Sancton Wood, Cambridge
Richard Settle is head of Cambridge day school Sancton Wood. As Alice Ryan discovers, he shelved childhood ambitions of becoming Kevin Keegan to follow his father into teaching – and found it was his dream job.
Tell me about your path into teaching:
My dad was a teacher. He gave me one piece of advice that was a constant: “Richard, never ever become a teacher”. I qualified at the earliest opportunity, aged 22, and have never looked back. Dad isn’t known for his wisdom.
Why did you want to be a teacher?
There were plenty of teachers id had who I despised, largely because they were bullies and used fear as their motivating technique. I wanted to be able to provide an alternative – to make children feel relaxed and happy; to learn because they felt safe and secure, not scared.
What do you love most about teaching?
Being able to make my students’ experience of school a special once, something memorable.
What’s the biggest challenge facing schools today?
Plenty there. I have to say it’s a blessing to be the independent sector and free from a lot of the pressures put on schools by the government. GCSE reform worries me though.
What were you like at school?
Fairley quite, happy not to be the centre of attention. That’s changed.
What did you want to be when you were younger – and why?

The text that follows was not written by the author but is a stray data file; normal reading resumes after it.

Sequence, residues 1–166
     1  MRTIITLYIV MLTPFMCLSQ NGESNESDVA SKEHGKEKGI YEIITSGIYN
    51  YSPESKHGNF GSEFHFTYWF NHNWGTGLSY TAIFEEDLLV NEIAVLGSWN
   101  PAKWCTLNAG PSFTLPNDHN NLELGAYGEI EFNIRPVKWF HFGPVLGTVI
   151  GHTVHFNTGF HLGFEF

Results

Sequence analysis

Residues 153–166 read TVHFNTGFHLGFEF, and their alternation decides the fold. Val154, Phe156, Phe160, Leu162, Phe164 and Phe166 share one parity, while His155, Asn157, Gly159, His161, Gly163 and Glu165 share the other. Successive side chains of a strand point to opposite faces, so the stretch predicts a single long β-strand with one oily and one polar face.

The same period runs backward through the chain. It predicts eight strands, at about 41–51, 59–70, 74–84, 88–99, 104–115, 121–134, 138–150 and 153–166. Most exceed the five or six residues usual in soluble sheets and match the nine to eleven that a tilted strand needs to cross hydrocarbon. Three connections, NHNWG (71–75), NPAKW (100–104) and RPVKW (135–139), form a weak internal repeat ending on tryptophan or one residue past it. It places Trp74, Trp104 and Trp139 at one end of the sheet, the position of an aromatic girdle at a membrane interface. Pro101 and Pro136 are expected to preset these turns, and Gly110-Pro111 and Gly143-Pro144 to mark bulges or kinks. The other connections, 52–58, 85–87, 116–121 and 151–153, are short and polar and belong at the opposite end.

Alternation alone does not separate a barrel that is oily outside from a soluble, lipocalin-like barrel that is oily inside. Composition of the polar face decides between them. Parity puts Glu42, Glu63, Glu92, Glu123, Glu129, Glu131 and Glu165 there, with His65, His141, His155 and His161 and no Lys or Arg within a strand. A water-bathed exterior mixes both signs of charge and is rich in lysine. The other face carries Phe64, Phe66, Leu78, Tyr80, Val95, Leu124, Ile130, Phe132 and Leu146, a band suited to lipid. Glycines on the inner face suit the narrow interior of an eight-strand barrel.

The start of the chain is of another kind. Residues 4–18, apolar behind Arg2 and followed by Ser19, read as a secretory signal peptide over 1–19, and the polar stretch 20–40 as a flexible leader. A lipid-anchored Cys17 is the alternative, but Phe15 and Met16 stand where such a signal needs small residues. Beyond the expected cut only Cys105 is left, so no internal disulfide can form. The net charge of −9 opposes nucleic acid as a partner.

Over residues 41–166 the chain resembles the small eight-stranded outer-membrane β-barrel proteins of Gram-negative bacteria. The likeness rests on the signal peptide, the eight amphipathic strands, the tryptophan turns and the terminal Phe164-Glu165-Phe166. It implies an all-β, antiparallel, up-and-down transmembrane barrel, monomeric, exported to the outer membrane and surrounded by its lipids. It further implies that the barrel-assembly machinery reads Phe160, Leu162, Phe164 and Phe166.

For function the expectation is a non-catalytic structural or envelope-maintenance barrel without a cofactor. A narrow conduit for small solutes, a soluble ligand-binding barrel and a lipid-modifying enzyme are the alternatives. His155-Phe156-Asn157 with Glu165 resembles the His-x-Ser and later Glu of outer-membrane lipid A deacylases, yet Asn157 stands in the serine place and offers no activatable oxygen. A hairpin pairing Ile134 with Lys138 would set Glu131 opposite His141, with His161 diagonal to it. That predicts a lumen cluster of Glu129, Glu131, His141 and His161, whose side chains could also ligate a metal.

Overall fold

I went through a stage where I really wanted to be Kevin Keegan, then later Morrissey, but, boringly, I have to say that I always knew I was going to be a teacher.
What’s the one thing you know now that you wish you could have known when growing up?
I’m much more of a ‘big picture’ person now. I regret that I’ve spent so much time worrying about small things, insignificant details.
What’s the best piece of advice you’ve ever been given?
The best revenge is to lead a happy life.
What’s the worst job you’ve ever had – and why?
I spent 10 horrible hours in the taxi dispatch centre in Hulme, Manchester. Given my limited geographical skills and a fair number of language barriers, it did not go at all well. I wasn’t invited back.
What’s the funniest moment you’ve have in the classroom?
Loads. Just last week, while observing a Spanish lesson, I overheard a child saying “Miss, have I el finished?”
What would be your advice for budding teachers?
Get classroom experience before you apply. Think about the type of school you want to work in – its different strokes for different folks in teaching and not all schools are the same. Once you’ve got a job: DON’T spend all summer planning all your lessons. It’ll be a waste of time as a good scheme of work should be a fluid thing.
What has been the proudest moment of your career so far?
I was very proud that Sancton Wood was top of the league tables for points per student for GCSE’s last year, but I’m pretty much bursting with pride whenever I watch a performance, sports fixture, recital … any event showcasing how brilliant our students are.
What makes your school such a special place to teach?
The whole sparkling cocktail of great staff, wonderful pupils and a special ethos.
Tell me a little bit about your life outside of teaching. What do you like to do in your spare time?
I’m a keen runner – up to my 10th marathon this year. I’m a lifelong Man City fan, which has meant that the gallows humour of my youth has had to be revised lately. Frankly, I still don’t know what to make of it all.
Can you reveal something unexpected which your pupils wouldn’t know about you?
I actually dye my hair a distinguishing shade of grey for effect. I’m really a natural blonde.
Taken from ‘Cambridge Magazine’ September 2015